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HomeNewsArchivesDELEGATE HAILS REOPENING OF LOAN PROGRAM

DELEGATE HAILS REOPENING OF LOAN PROGRAM

March 31, 2004 – Passage in Congress on Wednesday of legislation reopening the Small Business Administration's 7(a) Loan Program is good news for small businesses in the Virgin Islands, Delegate Donna M. Christensen said.
"Access to capital is still the main challenge that faces small businesses that want to remain viable in today's economy," Christensen, a member of the House Small Business Committee, said in a release. "This legislation strengthens the 7(a) program, which serves as the core lending program for 30 percent of all long-term small businesses in the country."
According to the release, changes in the program brought about by the legislation include:
– Lifting restrictions on loan size.
– Reinstituting working export capital loans.
– Increasing loan guarantees to $1.5 million.
– Removing regulatory restrictions on SBA loan refinancing.
– Extending of the 504 and Small Business Investment Companies (SBIC) programs.
The 7(a) program enables businesses that ordinarily would not be eligible for bank loans to get financing by having the SBA guarantee the loans. The maximum loan amount under the program is $2 million, but most loans are smaller, since the SBA will guarantee no more than $1 million.
The 504 program grants long-term, fixed-rate loans to growing businesses for purchasing land and buildings, construction, landscaping or modernizing of old facilities. Loans can also be granted for purchasing machinery, equipment and other "major fixed assets." These loans are made through Certified Development Companies, not-for-profit corporations that foster grassroots economic development.
The SBIC program gives small businesses access to equity financing. SBICs are licensed and regulated by the SBA but are privately owned and managed. They use their own capital, plus funds borrowed at favorable rates with a SBA guarantee, to make venture capital investments in small companies.
According to Christensen's release, the SBA granted 16 7(a) loans to Virgin Islands businesses totaling $2.8 million in fiscal year 2003 and 16 such loans totaling $1.9 million in FY 2002.

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March 31, 2004 - Passage in Congress on Wednesday of legislation reopening the Small Business Administration's 7(a) Loan Program is good news for small businesses in the Virgin Islands, Delegate Donna M. Christensen said.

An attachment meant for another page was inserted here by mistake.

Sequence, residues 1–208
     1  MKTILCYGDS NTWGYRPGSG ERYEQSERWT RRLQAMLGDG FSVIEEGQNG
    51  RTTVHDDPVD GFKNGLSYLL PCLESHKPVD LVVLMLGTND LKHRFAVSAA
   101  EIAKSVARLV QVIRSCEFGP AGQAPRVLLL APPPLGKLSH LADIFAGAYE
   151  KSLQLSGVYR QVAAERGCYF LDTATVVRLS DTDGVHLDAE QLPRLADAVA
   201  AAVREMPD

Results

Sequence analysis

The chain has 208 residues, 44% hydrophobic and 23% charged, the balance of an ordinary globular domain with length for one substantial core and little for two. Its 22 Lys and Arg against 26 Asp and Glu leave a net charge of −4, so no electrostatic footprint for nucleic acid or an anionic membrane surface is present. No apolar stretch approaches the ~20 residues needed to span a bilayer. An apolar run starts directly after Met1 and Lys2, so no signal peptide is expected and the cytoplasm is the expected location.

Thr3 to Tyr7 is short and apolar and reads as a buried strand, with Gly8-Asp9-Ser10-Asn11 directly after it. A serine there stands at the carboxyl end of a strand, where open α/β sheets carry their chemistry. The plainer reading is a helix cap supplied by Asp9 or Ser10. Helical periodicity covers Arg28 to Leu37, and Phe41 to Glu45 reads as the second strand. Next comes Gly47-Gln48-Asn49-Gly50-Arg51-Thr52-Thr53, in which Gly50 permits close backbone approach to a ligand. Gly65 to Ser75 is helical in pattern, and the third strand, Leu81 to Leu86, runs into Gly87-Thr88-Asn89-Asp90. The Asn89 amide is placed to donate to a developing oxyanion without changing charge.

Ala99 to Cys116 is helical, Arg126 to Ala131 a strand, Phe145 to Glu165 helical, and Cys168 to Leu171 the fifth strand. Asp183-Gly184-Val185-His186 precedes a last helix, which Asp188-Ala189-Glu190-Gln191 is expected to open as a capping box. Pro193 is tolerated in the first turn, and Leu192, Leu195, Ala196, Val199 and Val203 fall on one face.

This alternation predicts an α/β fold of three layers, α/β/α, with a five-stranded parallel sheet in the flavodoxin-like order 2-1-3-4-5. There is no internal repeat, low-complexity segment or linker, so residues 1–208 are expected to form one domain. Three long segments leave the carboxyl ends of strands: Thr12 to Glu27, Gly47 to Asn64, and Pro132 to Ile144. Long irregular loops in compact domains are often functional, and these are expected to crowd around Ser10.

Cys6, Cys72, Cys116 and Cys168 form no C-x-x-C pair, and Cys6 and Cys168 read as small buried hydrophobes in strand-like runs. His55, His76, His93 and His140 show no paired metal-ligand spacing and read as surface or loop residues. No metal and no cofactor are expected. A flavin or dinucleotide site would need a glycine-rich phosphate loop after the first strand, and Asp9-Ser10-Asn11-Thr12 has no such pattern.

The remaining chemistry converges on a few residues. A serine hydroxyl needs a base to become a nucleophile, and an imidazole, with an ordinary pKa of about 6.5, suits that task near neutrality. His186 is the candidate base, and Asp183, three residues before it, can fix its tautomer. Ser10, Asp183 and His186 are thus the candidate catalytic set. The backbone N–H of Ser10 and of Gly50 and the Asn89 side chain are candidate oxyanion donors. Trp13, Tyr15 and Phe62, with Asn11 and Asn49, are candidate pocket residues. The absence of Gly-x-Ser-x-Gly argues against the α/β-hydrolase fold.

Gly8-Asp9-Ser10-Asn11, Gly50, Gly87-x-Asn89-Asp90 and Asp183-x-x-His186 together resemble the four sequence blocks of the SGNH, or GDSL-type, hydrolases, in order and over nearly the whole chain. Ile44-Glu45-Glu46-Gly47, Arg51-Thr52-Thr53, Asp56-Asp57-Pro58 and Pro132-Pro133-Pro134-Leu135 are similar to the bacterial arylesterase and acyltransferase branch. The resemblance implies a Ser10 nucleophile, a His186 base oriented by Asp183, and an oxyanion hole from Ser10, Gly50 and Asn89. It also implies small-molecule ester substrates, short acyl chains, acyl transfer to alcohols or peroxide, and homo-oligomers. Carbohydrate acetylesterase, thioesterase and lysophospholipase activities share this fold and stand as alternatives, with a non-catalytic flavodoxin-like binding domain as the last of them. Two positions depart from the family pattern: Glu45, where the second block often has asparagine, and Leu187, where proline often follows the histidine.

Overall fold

"Access to capital is still the main challenge that faces small businesses that want to remain viable in today's economy," Christensen, a member of the House Small Business Committee, said in a release. "This legislation strengthens the 7(a) program, which serves as the core lending program for 30 percent of all long-term small businesses in the country."
According to the release, changes in the program brought about by the legislation include:
- Lifting restrictions on loan size.
- Reinstituting working export capital loans.
- Increasing loan guarantees to $1.5 million.
- Removing regulatory restrictions on SBA loan refinancing.
- Extending of the 504 and Small Business Investment Companies (SBIC) programs.
The 7(a) program enables businesses that ordinarily would not be eligible for bank loans to get financing by having the SBA guarantee the loans. The maximum loan amount under the program is $2 million, but most loans are smaller, since the SBA will guarantee no more than $1 million.
The 504 program grants long-term, fixed-rate loans to growing businesses for purchasing land and buildings, construction, landscaping or modernizing of old facilities. Loans can also be granted for purchasing machinery, equipment and other "major fixed assets." These loans are made through Certified Development Companies, not-for-profit corporations that foster grassroots economic development.
The SBIC program gives small businesses access to equity financing. SBICs are licensed and regulated by the SBA but are privately owned and managed. They use their own capital, plus funds borrowed at favorable rates with a SBA guarantee, to make venture capital investments in small companies.
According to Christensen's release, the SBA granted 16 7(a) loans to Virgin Islands businesses totaling $2.8 million in fiscal year 2003 and 16 such loans totaling $1.9 million in FY 2002.

Publisher's note : Like the St. John Source now? Find out how you can love us twice as much -- and show your support for the islands' free and independent news voice ... click here.